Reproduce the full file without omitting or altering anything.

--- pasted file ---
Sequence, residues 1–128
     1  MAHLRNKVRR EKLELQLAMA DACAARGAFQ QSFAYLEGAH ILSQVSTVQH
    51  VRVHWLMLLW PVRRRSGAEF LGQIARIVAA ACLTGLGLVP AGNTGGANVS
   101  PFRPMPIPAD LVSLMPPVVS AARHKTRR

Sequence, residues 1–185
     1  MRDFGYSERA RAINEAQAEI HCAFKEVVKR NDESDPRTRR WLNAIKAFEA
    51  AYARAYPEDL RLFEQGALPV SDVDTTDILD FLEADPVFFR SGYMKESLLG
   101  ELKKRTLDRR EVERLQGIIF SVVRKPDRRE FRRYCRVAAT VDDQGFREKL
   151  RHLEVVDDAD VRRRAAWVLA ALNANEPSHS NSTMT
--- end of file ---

Sequence, residues 1–128
     1  MAHLRNKVRR EKLELQLAMA DACAARGAFQ QSFAYLEGAH ILSQVSTVQH
    51  VRVHWLMLLW PVRRRSGAEF LGQIARIVAA ACLTGLGLVP AGNTGGANVS
   101  PFRPMPIPAD LVSLMPPVVS AARHKTRR

Sequence, residues 1–185
     1  MRDFGYSERA RAINEAQAEI HCAFKEVVKR NDESDPRTRR WLNAIKAFEA
    51  AYARAYPEDL RLFEQGALPV SDVDTTDILD FLEADPVFFR SGYMKESLLG
   101  ELKKRTLDRR EVERLQGIIF SVVRKPDRRE FRRYCRVAAT VDDQGFREKL
   151  RHLEVVDDAD VRRRAAWVLA ALNANEPSHS NSTMT